Upon the order of George III, John Yenn reshaped the baroque apartments located at the north side of the courtyard to neoclassical ones. In the eastern Upper Ward, a music room and a dining room were built. George's main concern was to give the building a Gothic touch. That's why later all office rooms were redone too. George IV continued his predecessor's construction work in Gothic style. Furthermore, he wanted to reshape the entire outward appearance of the palace to make it look even more impressive. A 184 yd (168 m) long gallery (Grand Corridor) was added at the Upper Ward alongside a new and large entrance for the state apartments. The investments for the Waterloo Chamber and the George's Hall totalled £ 300,000.
As Queen Victoria's predecessor had numerous and large restoration works done, the only change she ordered was the construction of a small private chapel: The Lantern Lobby. Unfortunately, a fire broke out on 20 November 1992 in this very chapel. It spread quickly and destroyed many rooms. It took the restoration team around the Duke of Edinburgh five years to restore both all buildings and the glory of the old days.
How to get there
Coming from the centre of London
The distance is only 23 mi (37 km), but due to the traffic in London, you might need around 50 to 60 minutes to get here. Starting at Buckingham Palace in London, you keep to the right and head towards the Hyde Park on Constitution Hill Street. In the roundabout you take the second exit and slightly turn left onto the Knightsbridge. After another half a mile (0.8 km) you turn right into the Brompton Street (A4), passing the famous shopping mall Harrods on the way. Follow the road alongside the Thames until you get to the roundabout, which you leave via the third exit, ending up on Hogarth Street (A4). You continue for 11 mi (17.7 km) on the M4 and follow the sign Airport/ The West/ Heathrow until you take Exit 5, changing to A4/ B470 in the direction of Colnbrook/ Datchet/ Langley. Take the second exit in the next roundabout (Major's Farm Rd/ B470), passing three more roundabouts and keep left on High Street (B470). At the junction, you turn left and keep driving alongside the Thames (Windsor Rd/ B470) until you turn left into Thames Street at the Royal Theatre. And here you are at Windsor Castle.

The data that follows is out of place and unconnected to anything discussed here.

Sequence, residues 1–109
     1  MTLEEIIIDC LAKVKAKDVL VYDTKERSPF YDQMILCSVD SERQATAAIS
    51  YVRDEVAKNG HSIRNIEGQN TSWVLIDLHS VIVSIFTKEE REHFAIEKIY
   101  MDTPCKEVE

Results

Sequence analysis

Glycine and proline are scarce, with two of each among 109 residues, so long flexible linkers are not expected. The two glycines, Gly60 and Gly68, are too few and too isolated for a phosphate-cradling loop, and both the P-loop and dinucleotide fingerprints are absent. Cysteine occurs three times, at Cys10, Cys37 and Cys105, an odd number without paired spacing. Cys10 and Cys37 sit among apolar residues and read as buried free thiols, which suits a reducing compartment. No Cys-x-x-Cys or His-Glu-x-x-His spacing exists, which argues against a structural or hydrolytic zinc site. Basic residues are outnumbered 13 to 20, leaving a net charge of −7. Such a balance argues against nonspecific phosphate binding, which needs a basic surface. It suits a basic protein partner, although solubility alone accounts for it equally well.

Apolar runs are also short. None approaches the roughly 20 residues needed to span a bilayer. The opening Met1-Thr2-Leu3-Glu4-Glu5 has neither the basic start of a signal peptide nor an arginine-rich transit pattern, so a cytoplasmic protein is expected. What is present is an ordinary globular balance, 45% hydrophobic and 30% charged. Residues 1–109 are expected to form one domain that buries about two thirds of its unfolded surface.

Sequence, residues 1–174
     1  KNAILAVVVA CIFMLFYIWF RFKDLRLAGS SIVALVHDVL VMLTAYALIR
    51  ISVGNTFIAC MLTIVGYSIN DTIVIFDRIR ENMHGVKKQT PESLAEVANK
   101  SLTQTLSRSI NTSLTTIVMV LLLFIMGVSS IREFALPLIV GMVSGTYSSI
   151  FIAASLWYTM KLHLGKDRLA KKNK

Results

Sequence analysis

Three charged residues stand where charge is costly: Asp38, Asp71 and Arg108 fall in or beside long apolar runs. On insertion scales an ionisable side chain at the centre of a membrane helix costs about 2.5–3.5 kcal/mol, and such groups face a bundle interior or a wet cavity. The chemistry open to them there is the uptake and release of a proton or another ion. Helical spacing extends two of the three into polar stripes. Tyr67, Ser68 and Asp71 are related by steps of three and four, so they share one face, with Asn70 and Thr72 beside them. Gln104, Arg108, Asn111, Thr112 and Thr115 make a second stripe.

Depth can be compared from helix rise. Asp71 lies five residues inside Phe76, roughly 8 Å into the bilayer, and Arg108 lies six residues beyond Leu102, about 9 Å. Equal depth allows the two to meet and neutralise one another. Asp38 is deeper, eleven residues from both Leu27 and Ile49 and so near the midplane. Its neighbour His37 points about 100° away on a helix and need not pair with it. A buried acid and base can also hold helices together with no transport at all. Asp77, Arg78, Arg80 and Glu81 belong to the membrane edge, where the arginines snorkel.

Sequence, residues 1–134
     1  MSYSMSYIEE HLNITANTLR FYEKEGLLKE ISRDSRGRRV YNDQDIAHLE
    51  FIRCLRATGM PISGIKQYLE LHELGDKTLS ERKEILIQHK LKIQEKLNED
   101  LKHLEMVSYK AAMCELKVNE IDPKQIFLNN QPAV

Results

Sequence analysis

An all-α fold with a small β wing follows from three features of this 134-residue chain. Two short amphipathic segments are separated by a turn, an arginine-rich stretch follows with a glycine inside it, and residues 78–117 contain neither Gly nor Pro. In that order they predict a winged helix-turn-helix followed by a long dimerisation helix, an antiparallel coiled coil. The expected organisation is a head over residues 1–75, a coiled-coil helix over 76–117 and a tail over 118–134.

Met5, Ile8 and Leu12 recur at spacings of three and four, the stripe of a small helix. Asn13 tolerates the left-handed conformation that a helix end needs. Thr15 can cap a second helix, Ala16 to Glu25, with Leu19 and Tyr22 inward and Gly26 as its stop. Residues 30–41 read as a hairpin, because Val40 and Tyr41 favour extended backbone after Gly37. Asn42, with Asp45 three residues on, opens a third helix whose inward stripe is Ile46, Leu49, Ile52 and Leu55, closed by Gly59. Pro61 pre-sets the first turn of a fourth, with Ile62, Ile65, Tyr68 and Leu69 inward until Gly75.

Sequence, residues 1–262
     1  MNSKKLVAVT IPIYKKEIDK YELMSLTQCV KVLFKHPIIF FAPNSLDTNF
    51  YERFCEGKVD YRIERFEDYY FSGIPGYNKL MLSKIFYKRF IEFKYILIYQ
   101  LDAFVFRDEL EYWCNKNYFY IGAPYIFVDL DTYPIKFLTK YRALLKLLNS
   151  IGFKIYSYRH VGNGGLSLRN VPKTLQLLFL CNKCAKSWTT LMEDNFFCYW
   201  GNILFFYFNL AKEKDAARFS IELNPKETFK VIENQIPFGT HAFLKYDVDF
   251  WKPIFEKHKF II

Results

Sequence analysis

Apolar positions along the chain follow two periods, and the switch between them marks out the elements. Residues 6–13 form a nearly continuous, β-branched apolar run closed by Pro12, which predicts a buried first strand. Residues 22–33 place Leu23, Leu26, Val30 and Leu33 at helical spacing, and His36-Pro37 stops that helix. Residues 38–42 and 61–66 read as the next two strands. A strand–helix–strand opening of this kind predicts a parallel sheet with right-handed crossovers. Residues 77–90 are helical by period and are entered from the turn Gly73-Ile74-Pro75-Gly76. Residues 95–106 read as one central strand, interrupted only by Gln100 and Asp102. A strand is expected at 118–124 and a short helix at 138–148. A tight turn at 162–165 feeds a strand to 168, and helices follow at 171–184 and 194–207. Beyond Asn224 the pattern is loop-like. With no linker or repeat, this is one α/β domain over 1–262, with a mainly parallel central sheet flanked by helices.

Coming from the direction of Heathrow Airport, London
The distance from Heathrow Airport is about 8 mi (13 km). Due to London's traffic situation, the journey might take up to 25 minutes. You head towards the northwest in the direction of Beacon Rd and take the first exit in the roundabout leading to Southern Perimeter Rd. After 2 miles you leave the roundabout via the second exit (Airport Way/ A3113) and at the next one you take the third exit leading to Horton Rd. After another mile (0.6 km) you get to Stanwall Rd, passing the fourth roundabout. The Stanwall Rd changes its name to Datchet. Passing the roundabout, you head for Horton Rd and keep left on High Street. At the junction, you turn left and keep driving alongside the Thames (Windsor Rd/ B470) until you turn left into Thames Street at the Royal Theatre. And here you are at Windsor Castle.
You'll find sufficient car parks on-site.
By Public Transport
Starting at Paddington (near Hyde Park), the bus lines 71, 72 or 702 operate each half an hour to Windsor Castle. One single journey takes up to an hour.